Nasim (Nasim@NasimT) has very kindly sent me a report of a talk she attended by Lynsey Wood.
Thank you very much Nasim.
‘The talk was by Lynsey Wood, a PhD student at the University of Lancaster. I believe her thesis is on female rule and the succession rights of the Grey sisters. The talk was a general outline of the Katherine-Seymour affair, so not really anything new to those familiar with the account. But in the audience was Carole Levin and Charles Beem and there emerged some interesting discussions.
Some points of interest:
Wood argued for Katherine’s commitment to Seymour, and believed it was a somewhat one-sided affair – she remained devoted to him, whilst he was more concerned with salvaging his position at court.
She discussed Katherine’s attachment to three rings given to her by Seymour, including the wedding ring comprising of a three-clasp design. She mentioned that Katherine refused to take off this symbol of her union with Seymour, which was valid in the eyes of the Church (whatever Elizabeth I thought about it). However portraiture of Katherine continued to depict her hands as bare. She argued that this was intentional, namely to appease the queen (and pointed out that these paintings went to some effort to have Katherine’s hands presented to the viewer). Someone in the audience – if I remember, Charles Beem – asked whether there was some ambiguity in the depiction of Katherine in the paintings. In the images of Katherine holding her infant eldest son, she resembles on the surface the Madonna with Child, but the absence of the wedding ring raises doubts about her virtue, thus casting her as a whore.
Wood did point out that she had tracked down records of the various reproductions of that famous image of Katherine with her son, and briefly mentioned demand for this image (I imagine because of Katherine’s royal status – the Elizabethan age marked an increase in demand for images of prominent figures, not least anyone linked to the queen). But these individuals made sure that their paintings did not contradict Elizabeth’s views of the marriage.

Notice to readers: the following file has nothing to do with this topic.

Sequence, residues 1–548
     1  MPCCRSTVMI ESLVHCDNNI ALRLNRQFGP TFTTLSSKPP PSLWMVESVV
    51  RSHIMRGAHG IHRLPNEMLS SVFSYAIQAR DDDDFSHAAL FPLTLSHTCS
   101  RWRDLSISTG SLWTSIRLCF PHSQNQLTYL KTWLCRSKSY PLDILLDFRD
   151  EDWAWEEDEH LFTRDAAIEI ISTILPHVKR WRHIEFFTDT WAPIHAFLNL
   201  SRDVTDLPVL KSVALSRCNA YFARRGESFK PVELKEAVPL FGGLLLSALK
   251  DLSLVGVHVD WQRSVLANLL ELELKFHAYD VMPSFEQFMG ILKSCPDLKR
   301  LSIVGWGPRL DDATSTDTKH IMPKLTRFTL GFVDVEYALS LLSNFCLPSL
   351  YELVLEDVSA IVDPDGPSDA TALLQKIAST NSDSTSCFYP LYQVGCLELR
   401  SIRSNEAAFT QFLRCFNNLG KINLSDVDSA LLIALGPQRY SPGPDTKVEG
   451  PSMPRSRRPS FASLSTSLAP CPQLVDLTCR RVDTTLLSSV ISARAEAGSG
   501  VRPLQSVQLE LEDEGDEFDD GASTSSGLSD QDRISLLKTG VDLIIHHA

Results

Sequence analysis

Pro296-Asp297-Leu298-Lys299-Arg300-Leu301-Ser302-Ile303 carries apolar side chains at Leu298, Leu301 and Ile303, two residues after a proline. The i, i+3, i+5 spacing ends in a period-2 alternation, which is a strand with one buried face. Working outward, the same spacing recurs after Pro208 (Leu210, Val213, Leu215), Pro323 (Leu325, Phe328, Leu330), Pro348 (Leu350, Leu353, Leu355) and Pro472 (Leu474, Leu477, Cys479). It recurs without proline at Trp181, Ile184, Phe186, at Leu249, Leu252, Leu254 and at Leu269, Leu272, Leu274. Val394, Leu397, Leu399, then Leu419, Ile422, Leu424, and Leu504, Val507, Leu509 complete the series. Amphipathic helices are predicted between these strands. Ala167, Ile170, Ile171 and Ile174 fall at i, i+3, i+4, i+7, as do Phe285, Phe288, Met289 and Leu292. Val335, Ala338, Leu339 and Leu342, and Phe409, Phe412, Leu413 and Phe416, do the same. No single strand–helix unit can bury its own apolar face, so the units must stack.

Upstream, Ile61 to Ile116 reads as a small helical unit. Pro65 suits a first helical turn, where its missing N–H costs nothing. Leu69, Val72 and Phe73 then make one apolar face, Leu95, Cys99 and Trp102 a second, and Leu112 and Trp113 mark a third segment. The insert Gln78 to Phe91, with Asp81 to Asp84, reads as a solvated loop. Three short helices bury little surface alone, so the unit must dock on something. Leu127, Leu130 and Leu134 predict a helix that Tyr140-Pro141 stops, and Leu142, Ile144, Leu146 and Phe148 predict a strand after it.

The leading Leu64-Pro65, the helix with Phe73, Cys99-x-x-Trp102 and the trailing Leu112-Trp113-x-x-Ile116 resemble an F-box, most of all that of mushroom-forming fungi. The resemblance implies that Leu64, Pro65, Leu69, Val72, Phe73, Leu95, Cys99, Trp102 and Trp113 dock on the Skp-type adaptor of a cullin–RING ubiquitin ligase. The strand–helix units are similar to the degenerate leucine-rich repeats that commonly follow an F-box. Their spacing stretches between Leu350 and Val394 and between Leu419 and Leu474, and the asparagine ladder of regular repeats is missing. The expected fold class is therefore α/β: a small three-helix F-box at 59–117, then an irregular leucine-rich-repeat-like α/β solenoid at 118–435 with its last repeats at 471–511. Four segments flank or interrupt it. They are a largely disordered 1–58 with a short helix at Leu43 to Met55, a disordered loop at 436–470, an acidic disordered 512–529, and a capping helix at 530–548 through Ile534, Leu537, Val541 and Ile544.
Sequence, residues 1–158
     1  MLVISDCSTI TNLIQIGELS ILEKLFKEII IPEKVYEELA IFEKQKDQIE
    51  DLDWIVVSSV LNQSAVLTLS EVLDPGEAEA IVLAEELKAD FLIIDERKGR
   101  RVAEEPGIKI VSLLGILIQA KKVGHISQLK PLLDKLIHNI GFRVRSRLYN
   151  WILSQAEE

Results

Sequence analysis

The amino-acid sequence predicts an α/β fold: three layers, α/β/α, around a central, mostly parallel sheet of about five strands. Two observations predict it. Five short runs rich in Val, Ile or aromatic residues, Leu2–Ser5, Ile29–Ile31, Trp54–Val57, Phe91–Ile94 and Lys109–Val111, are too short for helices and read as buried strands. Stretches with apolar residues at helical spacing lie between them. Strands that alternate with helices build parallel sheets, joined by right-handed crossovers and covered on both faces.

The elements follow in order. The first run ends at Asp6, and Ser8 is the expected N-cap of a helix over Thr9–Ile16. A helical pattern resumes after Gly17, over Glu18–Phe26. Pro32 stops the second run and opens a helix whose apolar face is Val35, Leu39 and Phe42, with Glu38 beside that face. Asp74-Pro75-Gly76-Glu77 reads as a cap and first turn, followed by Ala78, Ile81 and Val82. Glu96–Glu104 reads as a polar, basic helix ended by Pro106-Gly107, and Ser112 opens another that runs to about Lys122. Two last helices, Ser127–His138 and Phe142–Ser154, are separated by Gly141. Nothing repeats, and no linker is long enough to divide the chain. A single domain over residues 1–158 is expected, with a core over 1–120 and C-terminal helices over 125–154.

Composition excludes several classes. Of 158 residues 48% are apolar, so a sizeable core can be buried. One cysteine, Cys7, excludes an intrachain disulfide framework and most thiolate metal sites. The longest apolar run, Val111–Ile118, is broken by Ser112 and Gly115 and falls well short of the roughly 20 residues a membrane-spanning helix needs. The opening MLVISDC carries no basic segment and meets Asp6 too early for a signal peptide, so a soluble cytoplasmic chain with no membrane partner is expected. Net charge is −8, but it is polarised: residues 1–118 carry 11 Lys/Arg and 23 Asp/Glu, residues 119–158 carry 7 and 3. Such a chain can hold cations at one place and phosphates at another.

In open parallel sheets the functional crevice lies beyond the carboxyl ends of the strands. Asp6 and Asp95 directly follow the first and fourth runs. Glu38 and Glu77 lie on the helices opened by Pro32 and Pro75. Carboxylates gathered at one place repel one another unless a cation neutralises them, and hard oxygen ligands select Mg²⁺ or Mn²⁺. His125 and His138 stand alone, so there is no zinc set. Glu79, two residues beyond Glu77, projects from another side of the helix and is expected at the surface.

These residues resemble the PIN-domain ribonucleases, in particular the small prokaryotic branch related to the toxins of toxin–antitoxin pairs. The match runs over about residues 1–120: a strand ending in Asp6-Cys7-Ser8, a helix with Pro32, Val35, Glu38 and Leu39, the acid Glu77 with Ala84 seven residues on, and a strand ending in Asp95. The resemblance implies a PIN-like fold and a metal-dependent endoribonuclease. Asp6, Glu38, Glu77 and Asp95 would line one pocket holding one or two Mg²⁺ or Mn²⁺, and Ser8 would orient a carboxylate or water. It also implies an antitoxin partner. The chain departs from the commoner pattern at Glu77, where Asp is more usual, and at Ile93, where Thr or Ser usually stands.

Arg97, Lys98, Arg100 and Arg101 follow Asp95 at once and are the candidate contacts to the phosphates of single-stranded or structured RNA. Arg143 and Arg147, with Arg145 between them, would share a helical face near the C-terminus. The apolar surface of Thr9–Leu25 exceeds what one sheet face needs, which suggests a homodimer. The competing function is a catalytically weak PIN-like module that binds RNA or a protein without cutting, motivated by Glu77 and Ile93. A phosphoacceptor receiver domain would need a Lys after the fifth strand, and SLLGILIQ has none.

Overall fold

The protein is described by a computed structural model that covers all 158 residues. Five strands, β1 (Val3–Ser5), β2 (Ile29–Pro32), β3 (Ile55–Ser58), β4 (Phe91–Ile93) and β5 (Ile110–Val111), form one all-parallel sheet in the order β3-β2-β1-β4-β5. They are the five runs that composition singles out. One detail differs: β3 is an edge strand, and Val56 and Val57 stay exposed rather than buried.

Charles Beem and Carole Levin got into a slight argument about Elizabeth I’s treatment of the Grey sisters. Beem cast Elizabeth as an embittered woman who had a major grudge towards the surviving Greys. Levin pointed out that Elizabeth’s concerns regarding the secret marriage of someone so close to the throne – indeed her heir for a while – was understandable. But she felt Elizabeth’s vengeful nature was really seen in her treatment of Mary Grey. Levin, who referred to Mary Grey as a ‘dwarf’ who made an amusing marriage to the exceptionally tall Keys, believed the youngest Grey girl was really the victim, more so than her sister.
Jane was talked about a bit near the end when someone asked why Elizabeth didn’t have Seymour and Katherine’s marriage annulled on grounds of close affinity because Seymour had once been betrothed to Jane (talk of which ceased when his father, the Lord Protector, was executed). They asked why much ado was not made of this – whether any prohibition in Leviticus could not be called upon in the case of a man betrothed to one sister, then marrying another. Of course technically there was no such prohibition – not only was the contract between Seymour and Jane not binding, and the legitimacy of her union with Guilford was unquestionable, but there was no such prohibition in Leviticus. Still, Elizabeth was as sneaky as her father and could have twisted canon law to suit her needs. But she did not, and this was left as an open question. (My guess is that Elizabeth wanted this whole issue over and done with and little talked about/debated, partly, I suspect, because she knew full well that there was no invalidity to the match. Also by raising this point she was potentially attacking the memory of Jane Grey, already heralded by Protestant polemicists as a godly, martyr-like figure. I doubt whether Elizabeth wanted to get people talking that much about Jane).
Not much was said about the remaining Greys, except for a brief mention of Frances Brandon/Grey being involved in talks for a union between Seymour and Katherine but dying before she could approach the Queen on their behalf. Had she lived then the affair may have been very different.’